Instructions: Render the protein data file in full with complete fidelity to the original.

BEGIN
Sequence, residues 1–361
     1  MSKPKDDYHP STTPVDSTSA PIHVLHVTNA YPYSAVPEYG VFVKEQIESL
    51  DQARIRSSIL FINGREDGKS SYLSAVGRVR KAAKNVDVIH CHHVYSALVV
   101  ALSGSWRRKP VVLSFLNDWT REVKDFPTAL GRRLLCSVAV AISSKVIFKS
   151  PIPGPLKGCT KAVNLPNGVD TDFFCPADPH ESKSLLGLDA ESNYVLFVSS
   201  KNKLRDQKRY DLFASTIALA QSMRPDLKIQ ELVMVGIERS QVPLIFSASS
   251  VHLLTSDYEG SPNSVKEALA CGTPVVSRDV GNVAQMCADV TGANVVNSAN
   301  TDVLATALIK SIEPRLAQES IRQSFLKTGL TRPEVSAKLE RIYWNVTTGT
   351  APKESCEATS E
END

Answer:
Sequence, residues 1–361
     1  MSKPKDDYHP STTPVDSTSA PIHVLHVTNA YPYSAVPEYG VFVKEQIESL
    51  DQARIRSSIL FINGREDGKS SYLSAVGRVR KAAKNVDVIH CHHVYSALVV
   101  ALSGSWRRKP VVLSFLNDWT REVKDFPTAL GRRLLCSVAV AISSKVIFKS
   151  PIPGPLKGCT KAVNLPNGVD TDFFCPADPH ESKSLLGLDA ESNYVLFVSS
   201  KNKLRDQKRY DLFASTIALA QSMRPDLKIQ ELVMVGIERS QVPLIFSASS
   251  VHLLTSDYEG SPNSVKEALA CGTPVVSRDV GNVAQMCADV TGANVVNSAN
   301  TDVLATALIK SIEPRLAQES IRQSFLKTGL TRPEVSAKLE RIYWNVTTGT
   351  APKESCEATS E